About 200 people gathered at the Lough at lunchtime on Tuesday, joining Newstalk broadcaster Ciara Kelly for Day 25 of this year’s 100 Days of Walking, and the first group walk since the Covid-19 pandemic began two years ago.
It was a bright, crisp day, and the walkers, the majority of them women, did three brisk and good-humoured rounds of the Lough.
Dr Kelly said she was delighted with the turn-out, and said she always loves coming to Cork.
“I’ve had a fantastic time, she said.
“It’s the first group walk this year, it’s the first group walk since before the pandemic, and what a genuinely lovely bunch of people, so friendly, so decent, and it’s just a lovely, warm community.
“I feel like I have a connection with this group because we feel like a tribe, we’re all out walking the roads around the country in different spots, but we’re walking sort of together, in solidarity.”
Walking in solidarity today was one of the few token males, Senator Jerry Buttimer, who was in great form. He and Dr Kelly have been firm friends since, several years ago, she went through him for a short cut during a debate on Fine Gael’s health policies on RTÉ’s The Late Debate. “I still bear the stud marks,” he said with a grin.
“There’s a group of us within the Fine Gael parliamentary party, and this is our second year of doing 100 Days of Walking,” he told The Echo.
“For me it’s about getting the work/life balance right, it’s about the importance of physical exercise, diet, nutrition, and I find when I walk every day, it helps my mental health, it helps my efficiency, and I feel much better for getting the walking done.”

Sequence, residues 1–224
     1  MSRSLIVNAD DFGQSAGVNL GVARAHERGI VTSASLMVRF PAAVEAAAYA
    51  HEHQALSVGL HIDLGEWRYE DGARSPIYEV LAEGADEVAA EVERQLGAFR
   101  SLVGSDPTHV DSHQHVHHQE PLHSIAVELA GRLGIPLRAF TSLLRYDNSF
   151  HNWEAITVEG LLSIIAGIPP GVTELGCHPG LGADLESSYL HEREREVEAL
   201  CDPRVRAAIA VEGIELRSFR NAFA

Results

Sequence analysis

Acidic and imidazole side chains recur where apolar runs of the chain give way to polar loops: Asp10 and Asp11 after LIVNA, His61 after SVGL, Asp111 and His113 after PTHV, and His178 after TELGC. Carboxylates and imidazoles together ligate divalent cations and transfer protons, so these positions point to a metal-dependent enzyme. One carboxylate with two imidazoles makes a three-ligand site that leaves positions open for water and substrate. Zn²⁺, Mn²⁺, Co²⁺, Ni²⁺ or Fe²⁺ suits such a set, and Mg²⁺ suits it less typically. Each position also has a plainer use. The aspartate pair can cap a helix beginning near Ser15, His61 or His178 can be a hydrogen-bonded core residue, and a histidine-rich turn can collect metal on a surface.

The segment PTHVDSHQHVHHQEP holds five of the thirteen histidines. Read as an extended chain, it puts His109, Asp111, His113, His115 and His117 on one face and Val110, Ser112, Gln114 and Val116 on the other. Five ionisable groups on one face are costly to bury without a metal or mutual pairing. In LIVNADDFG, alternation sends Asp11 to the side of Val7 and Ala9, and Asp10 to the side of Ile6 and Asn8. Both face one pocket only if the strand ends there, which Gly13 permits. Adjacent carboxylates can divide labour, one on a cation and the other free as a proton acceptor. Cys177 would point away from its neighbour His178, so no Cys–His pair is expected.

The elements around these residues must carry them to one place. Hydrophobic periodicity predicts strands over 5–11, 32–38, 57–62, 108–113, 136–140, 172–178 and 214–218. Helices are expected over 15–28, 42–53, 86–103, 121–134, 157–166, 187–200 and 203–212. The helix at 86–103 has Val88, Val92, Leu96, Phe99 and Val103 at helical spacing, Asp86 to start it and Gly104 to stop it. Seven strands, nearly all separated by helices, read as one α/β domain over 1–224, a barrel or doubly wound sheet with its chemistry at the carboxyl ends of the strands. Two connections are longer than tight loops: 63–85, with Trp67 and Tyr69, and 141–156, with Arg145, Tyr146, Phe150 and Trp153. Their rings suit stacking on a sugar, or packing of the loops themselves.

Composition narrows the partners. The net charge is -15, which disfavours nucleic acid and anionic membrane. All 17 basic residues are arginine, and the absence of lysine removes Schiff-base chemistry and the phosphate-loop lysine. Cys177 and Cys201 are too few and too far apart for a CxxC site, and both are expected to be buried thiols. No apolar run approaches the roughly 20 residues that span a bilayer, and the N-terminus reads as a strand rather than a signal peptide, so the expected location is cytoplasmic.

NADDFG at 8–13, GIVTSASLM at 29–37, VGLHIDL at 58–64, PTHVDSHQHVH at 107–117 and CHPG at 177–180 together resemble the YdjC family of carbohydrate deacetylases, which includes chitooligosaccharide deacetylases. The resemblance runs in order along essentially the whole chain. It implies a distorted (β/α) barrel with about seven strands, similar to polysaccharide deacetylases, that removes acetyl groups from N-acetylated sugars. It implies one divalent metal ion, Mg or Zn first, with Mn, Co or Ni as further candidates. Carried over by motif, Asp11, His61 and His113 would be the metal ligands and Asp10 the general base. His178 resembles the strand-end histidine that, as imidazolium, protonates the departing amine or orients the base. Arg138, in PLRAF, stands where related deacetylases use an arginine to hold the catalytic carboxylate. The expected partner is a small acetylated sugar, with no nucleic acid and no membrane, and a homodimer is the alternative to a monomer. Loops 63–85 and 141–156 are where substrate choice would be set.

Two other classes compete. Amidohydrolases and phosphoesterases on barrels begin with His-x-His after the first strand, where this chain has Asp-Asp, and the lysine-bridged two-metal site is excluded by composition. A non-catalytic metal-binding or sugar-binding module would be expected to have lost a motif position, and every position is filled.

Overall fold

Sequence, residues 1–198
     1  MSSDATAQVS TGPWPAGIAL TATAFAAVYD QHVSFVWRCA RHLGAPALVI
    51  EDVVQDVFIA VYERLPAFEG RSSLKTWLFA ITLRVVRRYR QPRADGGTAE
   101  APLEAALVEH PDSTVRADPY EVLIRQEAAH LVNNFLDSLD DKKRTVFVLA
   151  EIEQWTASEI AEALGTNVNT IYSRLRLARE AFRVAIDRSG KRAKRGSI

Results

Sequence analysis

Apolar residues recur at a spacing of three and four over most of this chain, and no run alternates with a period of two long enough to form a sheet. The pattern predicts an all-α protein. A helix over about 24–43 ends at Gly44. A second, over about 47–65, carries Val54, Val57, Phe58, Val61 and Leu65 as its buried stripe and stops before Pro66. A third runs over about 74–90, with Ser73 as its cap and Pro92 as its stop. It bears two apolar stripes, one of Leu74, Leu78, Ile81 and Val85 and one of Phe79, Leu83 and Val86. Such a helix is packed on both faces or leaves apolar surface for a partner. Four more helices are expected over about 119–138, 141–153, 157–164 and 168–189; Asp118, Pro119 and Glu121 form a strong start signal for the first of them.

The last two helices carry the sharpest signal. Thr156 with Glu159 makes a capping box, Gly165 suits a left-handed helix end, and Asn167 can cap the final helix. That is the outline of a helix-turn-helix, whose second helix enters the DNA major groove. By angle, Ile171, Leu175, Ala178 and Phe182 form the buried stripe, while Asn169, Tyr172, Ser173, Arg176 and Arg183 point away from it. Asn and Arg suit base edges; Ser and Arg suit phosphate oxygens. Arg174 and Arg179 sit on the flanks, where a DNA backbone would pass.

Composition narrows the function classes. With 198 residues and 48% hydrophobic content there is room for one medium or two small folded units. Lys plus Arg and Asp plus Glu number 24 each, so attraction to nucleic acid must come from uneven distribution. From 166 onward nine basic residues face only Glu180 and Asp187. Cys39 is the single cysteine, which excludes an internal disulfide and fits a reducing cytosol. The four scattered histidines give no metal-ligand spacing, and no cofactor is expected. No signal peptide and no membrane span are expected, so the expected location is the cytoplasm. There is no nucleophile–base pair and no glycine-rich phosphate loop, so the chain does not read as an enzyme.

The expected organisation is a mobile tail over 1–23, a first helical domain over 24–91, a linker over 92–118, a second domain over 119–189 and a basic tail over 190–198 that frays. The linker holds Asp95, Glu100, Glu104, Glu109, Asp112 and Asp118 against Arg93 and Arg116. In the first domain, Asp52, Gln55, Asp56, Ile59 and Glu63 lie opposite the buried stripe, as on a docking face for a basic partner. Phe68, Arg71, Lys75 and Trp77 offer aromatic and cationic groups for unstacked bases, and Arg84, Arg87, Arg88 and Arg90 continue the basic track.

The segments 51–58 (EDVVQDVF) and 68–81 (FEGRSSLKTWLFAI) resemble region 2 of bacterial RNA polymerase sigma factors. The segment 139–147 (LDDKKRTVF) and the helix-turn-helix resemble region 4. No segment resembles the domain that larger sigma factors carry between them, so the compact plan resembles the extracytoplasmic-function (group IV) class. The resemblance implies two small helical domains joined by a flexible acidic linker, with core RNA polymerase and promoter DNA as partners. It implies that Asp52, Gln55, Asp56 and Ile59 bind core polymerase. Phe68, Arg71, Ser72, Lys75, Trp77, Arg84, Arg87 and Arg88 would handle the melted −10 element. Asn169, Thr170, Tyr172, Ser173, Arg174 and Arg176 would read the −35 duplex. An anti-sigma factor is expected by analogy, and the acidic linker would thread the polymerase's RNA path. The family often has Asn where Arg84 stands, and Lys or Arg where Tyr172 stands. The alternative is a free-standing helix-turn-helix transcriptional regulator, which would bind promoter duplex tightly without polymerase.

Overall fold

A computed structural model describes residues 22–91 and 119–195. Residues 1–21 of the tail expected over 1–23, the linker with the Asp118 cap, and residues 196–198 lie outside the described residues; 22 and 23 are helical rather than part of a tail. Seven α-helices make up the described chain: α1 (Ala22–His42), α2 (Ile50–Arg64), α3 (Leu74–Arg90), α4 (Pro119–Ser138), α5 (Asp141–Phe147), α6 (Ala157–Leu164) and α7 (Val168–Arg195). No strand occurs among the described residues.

Alison Chambers, walking promotion officer with Cork Sports Partnership, said it had been a great turnout, and the event had had a real feel-good atmosphere.
“Our remit in Cork Sports Partnership is to get more people more active through sports and physical activity around Cork city and county,” she said.
“My role is to promote the network that already exists, like walking groups around Cork city and county, and brilliant community leaders.
“Initiatives like this, and our own Cork walking promotions, National Walking Day, are going to be touchpoints along the year to celebrate the network,” Ms Chambers said.
For Ciara Kelly, 100 Days of Walking has become a fun tradition, one which has had real benefits for those taking part.
“A lot of people have come up to me and said ‘January’s a bit of a crap month, and we’ve had crap times’, and this has given them that structure of every day, going out, and it lifted them, and I know, because it lifts me,” she said “I’m enthusiastic, I’ve had a wonderful time in Cork, I’ll have to come back!”